Chemical balance with heater

librajenn626

Member
Aug 19, 2018
21
Deer Park/NY
My husband is installing a heater for our pool tomorrow. I’ve heard that certain things like hardness need to be right in order to not damage the heater. It’s a stainless steel heat exchanger so my husband feels that because it’s stainless it won’t get affected by the water but I’m not so sure about that. Any input would be greatly appreciated.
 

librajenn626

Member
Aug 19, 2018
21
Deer Park/NY
Hi. I have been debating whether or not to increase my CH and am looking for some serious input before I bother wasting money on unneeded chemicals. In past years when I would bring my water to be tested (yes, before I found this site I used to get my water tested at Leslie’s 😬) my CH was always low and most of the store reps would tell me that if I don’t have a heater then I don’t need to worry about CH because I have a vinyl pool. Well now this year we finally installed a heater. It’s a stainless steel heat exchanger that is piped right to our house’s hot water heater. My current CH is 125. I did read somewhere on this site that ~200 is a safe minimum level so should I increase my CH? Will my current level affect the heater at all? My husband thinks that because it’s stainless steel it won’t be affected by any chemical levels. Is that true?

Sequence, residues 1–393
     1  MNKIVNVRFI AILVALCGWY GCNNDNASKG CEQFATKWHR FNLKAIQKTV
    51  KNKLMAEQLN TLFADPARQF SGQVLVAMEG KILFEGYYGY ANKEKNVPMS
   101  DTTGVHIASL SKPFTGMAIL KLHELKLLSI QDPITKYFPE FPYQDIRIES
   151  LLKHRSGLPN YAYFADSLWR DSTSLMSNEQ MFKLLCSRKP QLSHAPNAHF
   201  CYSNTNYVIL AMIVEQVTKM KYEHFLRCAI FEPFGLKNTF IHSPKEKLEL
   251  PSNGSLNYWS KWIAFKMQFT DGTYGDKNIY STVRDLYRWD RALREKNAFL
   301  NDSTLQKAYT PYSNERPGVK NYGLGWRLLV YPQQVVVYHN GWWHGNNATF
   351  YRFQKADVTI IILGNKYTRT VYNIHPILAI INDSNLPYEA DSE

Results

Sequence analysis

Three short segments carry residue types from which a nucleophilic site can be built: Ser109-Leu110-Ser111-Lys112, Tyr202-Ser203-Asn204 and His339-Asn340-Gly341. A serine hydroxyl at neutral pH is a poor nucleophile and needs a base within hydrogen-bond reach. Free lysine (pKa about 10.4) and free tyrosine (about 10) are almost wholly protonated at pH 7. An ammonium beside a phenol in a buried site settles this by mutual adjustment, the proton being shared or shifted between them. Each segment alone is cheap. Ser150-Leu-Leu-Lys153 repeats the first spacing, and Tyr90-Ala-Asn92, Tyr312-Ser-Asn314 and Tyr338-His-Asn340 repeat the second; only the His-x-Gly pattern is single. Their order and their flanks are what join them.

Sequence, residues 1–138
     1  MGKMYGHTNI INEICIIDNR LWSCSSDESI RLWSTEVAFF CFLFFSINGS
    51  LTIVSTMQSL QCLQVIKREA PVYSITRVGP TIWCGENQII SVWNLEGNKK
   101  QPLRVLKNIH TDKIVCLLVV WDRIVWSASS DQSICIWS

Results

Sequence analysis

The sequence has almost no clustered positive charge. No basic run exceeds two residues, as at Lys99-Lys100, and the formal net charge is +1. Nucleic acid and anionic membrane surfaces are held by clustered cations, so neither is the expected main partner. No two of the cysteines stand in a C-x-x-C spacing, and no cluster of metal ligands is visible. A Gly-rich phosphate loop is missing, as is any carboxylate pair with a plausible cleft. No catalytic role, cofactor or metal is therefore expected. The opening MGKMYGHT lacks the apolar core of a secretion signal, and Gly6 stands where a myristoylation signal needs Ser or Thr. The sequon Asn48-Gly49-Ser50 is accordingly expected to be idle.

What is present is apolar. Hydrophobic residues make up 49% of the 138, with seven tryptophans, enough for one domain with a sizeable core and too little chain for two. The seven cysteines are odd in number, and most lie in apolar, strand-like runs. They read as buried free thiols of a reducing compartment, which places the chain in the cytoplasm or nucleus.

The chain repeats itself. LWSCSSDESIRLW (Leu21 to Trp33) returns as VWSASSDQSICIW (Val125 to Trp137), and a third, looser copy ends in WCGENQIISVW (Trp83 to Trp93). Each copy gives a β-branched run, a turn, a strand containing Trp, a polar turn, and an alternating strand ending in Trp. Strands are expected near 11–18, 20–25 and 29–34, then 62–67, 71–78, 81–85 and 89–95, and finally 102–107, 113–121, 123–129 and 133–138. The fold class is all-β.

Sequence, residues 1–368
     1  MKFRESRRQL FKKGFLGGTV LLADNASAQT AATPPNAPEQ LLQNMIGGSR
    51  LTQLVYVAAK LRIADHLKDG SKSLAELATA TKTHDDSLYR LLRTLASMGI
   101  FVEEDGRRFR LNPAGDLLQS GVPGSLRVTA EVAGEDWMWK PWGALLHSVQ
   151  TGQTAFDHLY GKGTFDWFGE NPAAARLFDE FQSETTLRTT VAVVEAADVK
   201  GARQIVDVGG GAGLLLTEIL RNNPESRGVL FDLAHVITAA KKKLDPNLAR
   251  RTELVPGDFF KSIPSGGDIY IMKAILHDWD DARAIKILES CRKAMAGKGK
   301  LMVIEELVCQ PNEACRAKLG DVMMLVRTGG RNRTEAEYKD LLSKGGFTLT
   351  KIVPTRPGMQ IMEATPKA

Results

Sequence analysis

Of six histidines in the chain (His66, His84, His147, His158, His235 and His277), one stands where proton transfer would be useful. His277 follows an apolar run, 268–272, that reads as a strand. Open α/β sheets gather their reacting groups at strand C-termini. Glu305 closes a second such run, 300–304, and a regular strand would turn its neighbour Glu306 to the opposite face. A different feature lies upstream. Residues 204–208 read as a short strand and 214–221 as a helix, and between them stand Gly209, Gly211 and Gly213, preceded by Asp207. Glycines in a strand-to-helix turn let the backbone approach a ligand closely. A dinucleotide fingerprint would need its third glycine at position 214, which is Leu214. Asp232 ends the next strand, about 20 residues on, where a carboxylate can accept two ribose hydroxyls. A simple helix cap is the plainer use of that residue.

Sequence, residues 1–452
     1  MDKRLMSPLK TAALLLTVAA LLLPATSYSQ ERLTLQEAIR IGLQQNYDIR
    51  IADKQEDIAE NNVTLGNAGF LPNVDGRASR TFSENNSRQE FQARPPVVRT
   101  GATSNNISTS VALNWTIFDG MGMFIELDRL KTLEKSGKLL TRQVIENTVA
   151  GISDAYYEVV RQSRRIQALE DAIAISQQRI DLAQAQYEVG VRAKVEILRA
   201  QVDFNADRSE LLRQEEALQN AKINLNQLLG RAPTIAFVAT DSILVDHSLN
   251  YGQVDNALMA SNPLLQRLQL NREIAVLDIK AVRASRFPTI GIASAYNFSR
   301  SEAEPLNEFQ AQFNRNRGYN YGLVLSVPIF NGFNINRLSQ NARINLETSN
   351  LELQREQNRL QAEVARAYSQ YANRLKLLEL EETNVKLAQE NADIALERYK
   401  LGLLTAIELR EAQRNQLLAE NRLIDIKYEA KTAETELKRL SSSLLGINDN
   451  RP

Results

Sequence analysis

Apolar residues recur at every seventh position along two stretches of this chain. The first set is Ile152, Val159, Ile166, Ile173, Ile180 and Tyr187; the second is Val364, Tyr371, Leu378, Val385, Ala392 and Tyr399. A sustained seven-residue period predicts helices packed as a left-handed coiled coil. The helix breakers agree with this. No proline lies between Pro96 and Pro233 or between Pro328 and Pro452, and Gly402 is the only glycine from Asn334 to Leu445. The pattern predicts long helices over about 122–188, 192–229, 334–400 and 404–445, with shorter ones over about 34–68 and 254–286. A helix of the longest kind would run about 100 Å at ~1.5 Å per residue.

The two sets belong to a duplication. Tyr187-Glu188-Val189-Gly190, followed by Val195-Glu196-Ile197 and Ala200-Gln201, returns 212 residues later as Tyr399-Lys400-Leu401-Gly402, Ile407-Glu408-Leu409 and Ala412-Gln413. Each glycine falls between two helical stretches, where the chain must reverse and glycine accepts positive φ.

P.S. - since finding this amazing site I do already know that pH is something I need to pay close attention to as that can definitely damage the heater.
 

ajw22

Gold Supporter
TFP Guide
Jul 21, 2013
18,959
Northern NJ
Thanks. I have read that before and that’s where I heard about the CH minimum of ~200. I don’t know if that applies to all heaters or only certain kinds. Mine is a stainless steel heat exchanger so I don’t know if that makes any difference 🤷🏻‍♀️
I edited it to clarify that it only applies to gas heaters as Marty pointed out.
 
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